If these are not options, consider turning to your family members for support. They are probably emotionally invested in your recovery, and may be willing to help you financially, as long as you make a good-faith agreement to pay them back when you can.
Taking a look at your family budget and cutting unnecessary expenses or minimizing necessary expenses can also help you meet your financial goal for sober living.
In some situations, people are fortunate to have the help of family members or other loved ones in paying for their rehab and recovery treatment if insurance doesn’t cover the full cost, but there are still options available to those who must finance treatment themselves.
If you have a health savings account (HSA), start with that. You can see how much you have saved up and apply it to the balance for your sober living facility.
If, after all resources have been tapped, there is still not enough to cover the cost of sober living, financing is always an option for the remainder of the bill. There are a number of private institutions that offer personal loans in different formats with various repayment structures; with a little bit of research, it’s possible to find one that best suits your family’s needs.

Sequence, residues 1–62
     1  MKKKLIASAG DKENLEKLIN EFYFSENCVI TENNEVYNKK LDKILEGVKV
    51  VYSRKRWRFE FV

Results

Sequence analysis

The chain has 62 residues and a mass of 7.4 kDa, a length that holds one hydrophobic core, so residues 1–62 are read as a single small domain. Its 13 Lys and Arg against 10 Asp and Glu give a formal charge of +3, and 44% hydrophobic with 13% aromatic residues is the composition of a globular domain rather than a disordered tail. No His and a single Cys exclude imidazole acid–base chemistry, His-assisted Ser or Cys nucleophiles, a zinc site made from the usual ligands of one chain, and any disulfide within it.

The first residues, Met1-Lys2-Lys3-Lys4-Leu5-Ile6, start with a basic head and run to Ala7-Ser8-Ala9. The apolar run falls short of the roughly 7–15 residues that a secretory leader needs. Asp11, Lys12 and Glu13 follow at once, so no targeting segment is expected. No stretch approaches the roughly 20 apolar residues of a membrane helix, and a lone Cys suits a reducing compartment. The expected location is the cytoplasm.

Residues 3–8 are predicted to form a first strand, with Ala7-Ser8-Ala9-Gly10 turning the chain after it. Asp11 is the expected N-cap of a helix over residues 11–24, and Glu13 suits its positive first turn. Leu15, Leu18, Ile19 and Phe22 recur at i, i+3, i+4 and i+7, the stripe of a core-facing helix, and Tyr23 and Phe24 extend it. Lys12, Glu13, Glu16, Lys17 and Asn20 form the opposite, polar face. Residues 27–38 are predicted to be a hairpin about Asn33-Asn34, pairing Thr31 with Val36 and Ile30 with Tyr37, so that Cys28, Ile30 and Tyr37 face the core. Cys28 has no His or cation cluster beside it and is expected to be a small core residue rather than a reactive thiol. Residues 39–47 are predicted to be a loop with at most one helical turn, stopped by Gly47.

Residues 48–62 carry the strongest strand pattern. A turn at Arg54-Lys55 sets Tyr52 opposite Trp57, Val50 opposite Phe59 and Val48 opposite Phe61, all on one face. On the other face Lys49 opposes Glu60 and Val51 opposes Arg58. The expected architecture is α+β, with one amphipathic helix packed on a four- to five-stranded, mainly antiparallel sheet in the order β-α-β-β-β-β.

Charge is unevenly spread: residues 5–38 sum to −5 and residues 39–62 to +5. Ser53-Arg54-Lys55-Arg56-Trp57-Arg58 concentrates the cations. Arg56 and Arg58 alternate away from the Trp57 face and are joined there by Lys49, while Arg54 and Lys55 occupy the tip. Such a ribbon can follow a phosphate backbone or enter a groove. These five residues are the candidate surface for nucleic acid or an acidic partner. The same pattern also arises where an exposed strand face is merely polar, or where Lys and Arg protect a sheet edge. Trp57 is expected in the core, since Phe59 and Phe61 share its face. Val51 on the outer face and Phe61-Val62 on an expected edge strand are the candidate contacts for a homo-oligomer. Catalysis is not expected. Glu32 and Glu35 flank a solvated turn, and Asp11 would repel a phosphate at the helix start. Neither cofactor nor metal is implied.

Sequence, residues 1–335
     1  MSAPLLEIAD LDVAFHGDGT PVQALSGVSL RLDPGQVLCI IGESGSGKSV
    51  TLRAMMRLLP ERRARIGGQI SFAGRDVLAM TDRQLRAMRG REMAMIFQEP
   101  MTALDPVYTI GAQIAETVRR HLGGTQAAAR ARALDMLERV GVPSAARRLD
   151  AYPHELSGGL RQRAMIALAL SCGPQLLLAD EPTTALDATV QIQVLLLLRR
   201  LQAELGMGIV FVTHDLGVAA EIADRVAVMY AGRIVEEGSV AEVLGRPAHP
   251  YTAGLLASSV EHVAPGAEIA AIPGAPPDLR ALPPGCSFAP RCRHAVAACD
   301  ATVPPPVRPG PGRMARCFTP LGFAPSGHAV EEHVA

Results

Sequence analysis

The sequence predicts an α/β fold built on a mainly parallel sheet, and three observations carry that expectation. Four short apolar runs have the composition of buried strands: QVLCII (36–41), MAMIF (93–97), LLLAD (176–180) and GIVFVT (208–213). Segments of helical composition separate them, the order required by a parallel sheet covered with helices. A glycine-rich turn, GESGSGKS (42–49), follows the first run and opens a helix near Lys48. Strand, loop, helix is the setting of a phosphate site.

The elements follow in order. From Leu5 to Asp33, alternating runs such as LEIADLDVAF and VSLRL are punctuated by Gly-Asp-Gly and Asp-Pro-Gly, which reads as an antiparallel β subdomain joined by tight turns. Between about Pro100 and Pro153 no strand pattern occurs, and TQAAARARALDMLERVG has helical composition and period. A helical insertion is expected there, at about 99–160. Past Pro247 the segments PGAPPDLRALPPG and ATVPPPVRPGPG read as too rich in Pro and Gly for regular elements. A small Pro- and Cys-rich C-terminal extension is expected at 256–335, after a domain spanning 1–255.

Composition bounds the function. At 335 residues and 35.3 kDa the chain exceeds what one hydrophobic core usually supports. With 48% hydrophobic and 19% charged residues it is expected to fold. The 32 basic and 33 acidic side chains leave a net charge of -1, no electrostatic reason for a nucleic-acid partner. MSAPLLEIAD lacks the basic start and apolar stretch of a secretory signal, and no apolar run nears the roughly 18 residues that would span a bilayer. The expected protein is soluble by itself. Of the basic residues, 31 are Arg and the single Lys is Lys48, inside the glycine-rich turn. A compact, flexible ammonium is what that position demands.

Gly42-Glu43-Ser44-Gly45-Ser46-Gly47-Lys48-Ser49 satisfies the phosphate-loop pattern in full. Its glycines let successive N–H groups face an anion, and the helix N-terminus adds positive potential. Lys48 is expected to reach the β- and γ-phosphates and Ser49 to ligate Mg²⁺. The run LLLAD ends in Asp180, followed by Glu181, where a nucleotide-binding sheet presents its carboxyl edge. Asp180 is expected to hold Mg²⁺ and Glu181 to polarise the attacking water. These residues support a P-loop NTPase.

Make sure to read all of the fine print to know exactly what you’re getting into. Financing sober living or other types of treatment may help you reach sobriety, but the debt from doing so may create unhealthy stress in your life during a time you should be focusing on recovery.
Though it is an option to finance the entire amount, most families prefer to minimize their bills and pay as much up front as possible and then finance as small an amount as possible.
Weighing Cost with Care Options
In most cases, the more intensive the level of support provided by a sober living program, the more expensive it will be. That is, when staff members are on site regularly facilitating house meetings, helping to manage conflicts that arise, and enforcing rules, the bill will likely be higher than a sober living home that provides minimal staff support and is relatively lax in terms of therapeutic expectations. This is most often a case where you “get what you pay for.”
American Addiction Centers, River Oaks’ parent company, is proud to offer sober living facilities called “Resolutions” at a handful of its locations. West of the Mississippi, Desert Hope’s Resolutions facility in Nevada and Greenhouse Treatment Center’s Resolution Arlington in Texas both provide sober living quarters. If you’re closer to the East Coast, Oxford Resolutions in Mississippi and Sunrise House’s Resolutions Franklin in New Jersey may have what you’re looking for.
Choosing the least expensive option without consideration for other factors provided can ultimately be a waste of money if it doesn’t provide the necessary level of support. It is a far better choice to choose the program that provides the type of attention and atmosphere that will most benefit the person in residence.
- Polcin, D.L., Korcha, R.A., et al. (2010). Sober living houses for alcohol and drug dependence: 18-month outcomes. Journal of Substance Use Treatment 38(4), 356-365.